General modifications (not specific to UROM design) included revision of the ordinal response categories from a five-point to a four-point scale (‘not at all’, ‘a little’, ‘quite a bit’ and ‘a lot’) because a middle category of ‘moderately’ was found to be uninformative. The filter question at the beginning of the measure (“Have you had any problems with the healing of your wound(s)?”) was also dropped because data indicated that participants’ answers to this filter question were often not concordant with their subsequent responses to subsequent items (eg, participants responded that they had no problems with wound healing but went on to report experiencing symptoms of problems with wound healing). General changes also included restructuring some items, for example, changing some secondary subitems to standalone items to minimise errors and reduce missing data.

    Several changes were made to the provisional measure of specific relevance to UROM design. Most changes related to the use of plain language in conjunction with medical terminology. For example, one medical term (calor) was dropped as interviews revealed it was not a term that was used in current practice. Another medical term (spontaneous dehiscence) was added to an item where previously no medical description had been considered. Detail explaining the reason for this is provided below. In another item, one term (dressing) that was initially included in the plain language description was later moved to the end of the item in parentheses because interviews revealed that it was less understood by a lay audience than initially expected.

    Acceptability of UROMs and items combining plain language and medical terminology

    In general, neither patients nor HCPs reported significant concerns with the inclusion of medical terminology alongside plain language within the same item. Some patients reported that they found the medical terms interesting and educational. Other patients reported that they found the plain language alone sufficient for comprehension and therefore ignored or did not notice the medical terms (box 3). Concerns that medical terms may cause patients anxiety was raised in interviews with HCPs, although this was not supported by data from interviews with patients. One patient referred to the use of the Internet to look up medical terms but did not express any concerns about doing so (box 3).

    Box 3

    Acceptability of items combining plain language and medical terminology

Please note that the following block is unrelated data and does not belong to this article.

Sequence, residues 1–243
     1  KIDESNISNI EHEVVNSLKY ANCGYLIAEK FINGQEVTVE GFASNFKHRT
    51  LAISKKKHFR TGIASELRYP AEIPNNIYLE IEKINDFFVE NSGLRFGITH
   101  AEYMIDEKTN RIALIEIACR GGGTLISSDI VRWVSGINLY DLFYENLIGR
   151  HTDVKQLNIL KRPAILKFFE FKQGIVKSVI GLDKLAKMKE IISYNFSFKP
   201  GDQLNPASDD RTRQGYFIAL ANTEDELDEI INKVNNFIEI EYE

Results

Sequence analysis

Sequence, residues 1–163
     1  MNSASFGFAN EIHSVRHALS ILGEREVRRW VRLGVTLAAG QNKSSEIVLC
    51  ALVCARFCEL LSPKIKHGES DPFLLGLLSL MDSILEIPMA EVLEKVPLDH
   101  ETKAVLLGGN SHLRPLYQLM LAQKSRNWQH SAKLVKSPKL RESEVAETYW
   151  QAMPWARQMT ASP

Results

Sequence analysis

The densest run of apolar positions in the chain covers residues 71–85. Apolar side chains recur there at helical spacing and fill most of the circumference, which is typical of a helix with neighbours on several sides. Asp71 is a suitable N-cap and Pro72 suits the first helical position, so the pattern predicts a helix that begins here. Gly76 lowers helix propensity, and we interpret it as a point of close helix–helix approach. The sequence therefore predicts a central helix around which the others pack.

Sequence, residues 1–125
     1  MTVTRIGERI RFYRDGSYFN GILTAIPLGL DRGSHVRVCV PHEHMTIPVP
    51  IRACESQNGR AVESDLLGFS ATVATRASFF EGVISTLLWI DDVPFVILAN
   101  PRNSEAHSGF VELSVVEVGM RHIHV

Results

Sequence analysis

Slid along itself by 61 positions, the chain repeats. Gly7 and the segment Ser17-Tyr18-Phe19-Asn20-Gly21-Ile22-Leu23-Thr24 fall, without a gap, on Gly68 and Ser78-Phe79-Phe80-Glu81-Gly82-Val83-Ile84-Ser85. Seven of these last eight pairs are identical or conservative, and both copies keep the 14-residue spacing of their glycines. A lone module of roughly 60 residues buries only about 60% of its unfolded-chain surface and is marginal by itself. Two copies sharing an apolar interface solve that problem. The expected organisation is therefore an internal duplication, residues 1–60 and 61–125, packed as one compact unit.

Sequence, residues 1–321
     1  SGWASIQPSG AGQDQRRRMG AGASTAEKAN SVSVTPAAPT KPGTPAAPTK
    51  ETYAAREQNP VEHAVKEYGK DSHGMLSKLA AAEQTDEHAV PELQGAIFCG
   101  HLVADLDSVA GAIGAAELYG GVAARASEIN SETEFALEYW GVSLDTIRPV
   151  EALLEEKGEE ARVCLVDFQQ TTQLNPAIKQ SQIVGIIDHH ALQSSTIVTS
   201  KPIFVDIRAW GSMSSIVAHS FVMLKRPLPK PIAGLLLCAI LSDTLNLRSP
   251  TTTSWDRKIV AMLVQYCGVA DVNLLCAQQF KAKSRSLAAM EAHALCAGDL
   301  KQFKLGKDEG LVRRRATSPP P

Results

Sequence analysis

Participant: “I just skipped over it… I did say ‘What’s that?’ but it didn’t concern me because I could answer the question… I did make the comment of what [is that] but I didn’t worry about it and I just went on to the next bit.” Patient participant, 1107

    Participant: “I was… you know… interested [in the medical terms]. I didn’t look at all of it… um, a couple I thought was interesting because it was Latin. That’s what I thought. And also spontaneous dehiscence… I thought, gosh… so yeah I found it quite interesting.”

    Interviewer: “Did you find them [medical terms] confusing?”

    Participant: “No… For instance that first one… I don’t think I even saw…” Patient participant, 1104

    Participant: “If I was… on my own receiving this I am a bit of a google searcher so I would probably have looked them up.” Patient participant, 2030

    Improved understanding and interpretation of items

    An unanticipated secondary unexpected finding of the study was that the combined use of plain language and medical terminology may be a useful, novel technique for evaluating item understanding and improving item interpretation during the process of developing the measure. Findings from the pretesting interviews indicated that the inclusion of a medical term alongside plain language in an item directly affected the way that participants interpreted and subsequently responded to items, by facilitating their understanding of the item. One participant, for example, explained how the presence of the medical term improved their understanding of the item, thereby enabling them to respond more accurately. This participant reported that they would have interpreted the item differently, and therefore responded differently, had the medical term not been included (box 4).

    Box 4

    Improved understanding and interpretation of items

    Item: Was there redness spreading away from the edges of the wound? (erythema and cellulitis)

    Participant: “In that first one [item], because I was describing the redness under the skin – more deeper redness, purple - when I read that first question, it was the fact that I had some idea of what erythema and cellulitis are… I thought, well it wasn’t those…but ended up saying a little because of the redness… it probably was erythema… but I wasn’t sure.”

    Interviewer: “And if we didn’t have that erythema and cellulitis in there?…”

    Participant: “Yeh, I would then have probably thought… that it was [asking about] that [bruising]… but because I recognised those [erythema and cellulitis]… I think I know more or less what those two things are.” Patient participant, 1081

    Identification of items with inadequate content validity